to stand up to the government when it introduces such legislation as the
Public Order and Security Act (Posa), the Access to Information and
Protection of Privacy Act (Aippa), and the Constitutional Amendment No 17
which created the monster called the senate - a glorified junkyard for
Since I am naturally concerned with the rights of the journalist, I want to
refer to a recent attack on the media by the governor of the Reserve Bank of
Zimbabwe, Gideon Gono.
In his latest quarterly monetary review, the most strident he has delivered
so far, he chastised the media for joining the alleged enemies of the state.
In short, he assailed their tendency of not accentuating the positive in the
now headless-chicken turnaround programme.
Not once did he acknowledge that, as facts are sacred to journalists,
accentuating the positive is possible and plausible only when the facts do
If they don't, the journalist who creates a positive spin in the absence of
the facts knows what his colleagues call him.
There is a chasmitic difference between journalism and public relations,
although there are people, particularly politicians and civil servants, who
tend to confuse the two for their nefarious purposes.
Gono, as the typical "establishment praise-singer" he has become, would not
acknowledge that the media in Zimbabwe is under siege. He would not mention
the ban on four newspapers: the Daily News, the Daily News on Sunday, the
Tribune and the Weekly Times. He spoke as if the media landscape was
The jackboot of Aippa has squashed the life out of newspapers. There is a
tight rope around the necks of all editors and reporters. One small mistake
and that rope could be tightened enough to squeeze the life out of them.
Gono is not alone in viewing the media landscape with equanimity. A recent
workshop on the fight against HIV and Aids featured activists advising
journalists on how to be more effective in their coverage of the pandemic.
Not one of them decried the absence of four soldiers in the fight - the
newspaper banned under Aippa.
Not one of them would acknowledge that under Aippa a journalist could be
jailed for five years if, in the opinion of the custodians of that law, he
had published a "falsehood" relating to the campaign against HIV/Aids.
Not many people appealing to the media to do this or that acknowledge that
since Independence, journalists have been terrorised by this government. Not
many mention the terrible fate of Willie Musarurwa, an outstanding defender
of the country's right to Independence and the right of the people to enjoy
that Independence to the full.
Hardly any of them mention the name of Mark Chavunduka, a young man in his
30s, who may have died of natural causes, but like Musarurwa, had been
thoroughly traumatised by the government terror campaign against
Citizens who know that the fight against colonialism was waged so
relentlessly because they too wanted to enjoy the freedoms enshrined in the
United Nations Charter are silent when those same rights are trampled
underfoot with breathtaking impunity by the government.
The same citizens will not raise a hue and cry when the government
promulgates laws such as Posa and the Constitutional Amendment Act No 17.
In the late 1980s, before the tenth anniversary of Independence, Edgar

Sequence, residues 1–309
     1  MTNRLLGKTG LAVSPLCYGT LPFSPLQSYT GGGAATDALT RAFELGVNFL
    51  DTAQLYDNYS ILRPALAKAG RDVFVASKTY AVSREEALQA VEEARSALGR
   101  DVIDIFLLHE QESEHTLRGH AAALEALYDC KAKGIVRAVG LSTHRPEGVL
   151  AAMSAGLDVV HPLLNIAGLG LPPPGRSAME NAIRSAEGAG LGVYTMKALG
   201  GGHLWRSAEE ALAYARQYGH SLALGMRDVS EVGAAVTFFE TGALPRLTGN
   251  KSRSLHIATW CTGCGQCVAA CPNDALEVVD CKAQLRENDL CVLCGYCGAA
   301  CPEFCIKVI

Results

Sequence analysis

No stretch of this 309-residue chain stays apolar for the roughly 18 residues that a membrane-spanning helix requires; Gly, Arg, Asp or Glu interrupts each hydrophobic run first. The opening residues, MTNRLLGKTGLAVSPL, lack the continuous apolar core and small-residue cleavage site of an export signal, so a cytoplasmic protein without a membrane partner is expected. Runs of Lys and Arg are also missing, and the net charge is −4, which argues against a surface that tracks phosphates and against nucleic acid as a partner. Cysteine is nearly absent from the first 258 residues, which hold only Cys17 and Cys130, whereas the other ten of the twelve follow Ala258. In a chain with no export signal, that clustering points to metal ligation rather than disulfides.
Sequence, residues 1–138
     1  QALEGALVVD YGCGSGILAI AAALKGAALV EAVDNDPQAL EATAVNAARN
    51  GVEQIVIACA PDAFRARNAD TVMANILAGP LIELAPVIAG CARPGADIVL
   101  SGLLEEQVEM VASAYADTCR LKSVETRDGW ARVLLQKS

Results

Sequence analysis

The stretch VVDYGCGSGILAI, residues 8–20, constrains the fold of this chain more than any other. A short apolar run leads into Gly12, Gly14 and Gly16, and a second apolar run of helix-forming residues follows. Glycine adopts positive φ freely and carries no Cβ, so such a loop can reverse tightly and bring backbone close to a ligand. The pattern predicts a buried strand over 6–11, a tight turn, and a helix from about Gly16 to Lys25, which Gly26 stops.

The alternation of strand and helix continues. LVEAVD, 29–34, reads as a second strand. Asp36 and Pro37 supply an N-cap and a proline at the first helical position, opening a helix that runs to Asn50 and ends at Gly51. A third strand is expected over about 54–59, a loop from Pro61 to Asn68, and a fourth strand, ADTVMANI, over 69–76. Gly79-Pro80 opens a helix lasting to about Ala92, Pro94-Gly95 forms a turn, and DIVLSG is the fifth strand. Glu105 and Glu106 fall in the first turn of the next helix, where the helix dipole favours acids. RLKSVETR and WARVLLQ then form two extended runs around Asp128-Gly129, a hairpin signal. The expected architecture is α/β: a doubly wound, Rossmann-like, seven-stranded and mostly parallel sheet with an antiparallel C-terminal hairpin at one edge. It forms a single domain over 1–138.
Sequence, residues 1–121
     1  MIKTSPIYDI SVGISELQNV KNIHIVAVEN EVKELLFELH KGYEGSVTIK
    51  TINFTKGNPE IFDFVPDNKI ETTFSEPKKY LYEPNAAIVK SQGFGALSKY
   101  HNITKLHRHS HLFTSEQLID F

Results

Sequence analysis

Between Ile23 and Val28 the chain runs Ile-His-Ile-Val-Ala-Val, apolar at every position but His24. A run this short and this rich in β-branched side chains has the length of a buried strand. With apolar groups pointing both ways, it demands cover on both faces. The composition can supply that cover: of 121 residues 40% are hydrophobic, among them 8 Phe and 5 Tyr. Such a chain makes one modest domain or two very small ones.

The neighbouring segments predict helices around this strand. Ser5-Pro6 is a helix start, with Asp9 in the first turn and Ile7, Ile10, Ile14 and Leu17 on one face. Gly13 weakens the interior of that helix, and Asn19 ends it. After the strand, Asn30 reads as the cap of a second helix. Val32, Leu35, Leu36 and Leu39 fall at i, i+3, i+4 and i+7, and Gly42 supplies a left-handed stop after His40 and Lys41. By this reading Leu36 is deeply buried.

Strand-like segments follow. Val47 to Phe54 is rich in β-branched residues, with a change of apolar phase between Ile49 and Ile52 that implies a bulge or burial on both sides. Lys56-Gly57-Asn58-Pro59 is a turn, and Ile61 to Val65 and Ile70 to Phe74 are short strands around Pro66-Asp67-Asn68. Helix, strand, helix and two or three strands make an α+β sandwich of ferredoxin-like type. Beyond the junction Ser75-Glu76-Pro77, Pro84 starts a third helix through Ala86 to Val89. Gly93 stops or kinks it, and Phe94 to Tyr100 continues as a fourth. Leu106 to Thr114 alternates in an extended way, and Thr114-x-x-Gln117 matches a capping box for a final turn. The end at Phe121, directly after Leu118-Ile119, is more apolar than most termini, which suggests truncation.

Tekere complained that "Democracy was in the intensive care unit." His
outrage led him to speak out so loudly against the government Zanu PF
expelled him from its ranks. When I read he had been picked as a Zanu PF
candidate for the senate election, I was alarmed. I have known the man for
more than 30 years and I wondered what had happened to him.
When it was announced he had been "dropped", I was massively relieved.
Zimbabwean democracy, by now, is not only in the intensive care unit but has
challenged the most qualified physicians in the world to help it evince even
a spark of life.
The men and women in charge of Zimbabwe can be described as inveterate party
animals. To celebrate the Silver Jubilee of Independence, they pulled out
all the stops.
Later, it was publicly acknowledged that the government had spent so much
foreign currency during this bash there was not enough left over to buy any
So, in planning the celebrations, the government sat down and decided that
even if it meant there would be no money left over to buy fuel, this shindig
had to be the biggest since 1980.
And that is how it happened. Nobody raised a finger in protest. How do such
people deserve democracy? Or a free press?
* Bill Saidi is editor of the banned Daily News on Sunday
By Brilliant Mhlanga
FOLLOWING what has now become the daily diet of Movement for Democratic
Change (MDC) politics, one wonders whether the party will ever go back to
ideals of democracy they always purported to purvey.
The MDC leadership is busy on a massive crusade of name-calling. I challenge
all well-meaning Zimbabweans to revisit the terms used in this pejorative
process of name-calling and unwarranted behaviour. Imagine some one being
labelled a "goblin", then the other being referred to as "smelly", while he
retorts and describes the other as having suffered from "diarrhoea".
The question that quickly comes to mind is: do Zimbabweans really need this
We have had enough, ranging from the comic Vice President Joseph Msika to
the recently hilarious head of state, President Mugabe. We definitely do not
expect the opposition to expose us to this kind of foul language. One
wonders whether this is the kind of democracy they were going to display had
they ascended into power in 2002. This is not only cantankerous but serves
to show MDC's lack of political maturity.
I submit the argument that the MDC has departed from its original founding
principles, therefore has become questionable and thoroughly lacks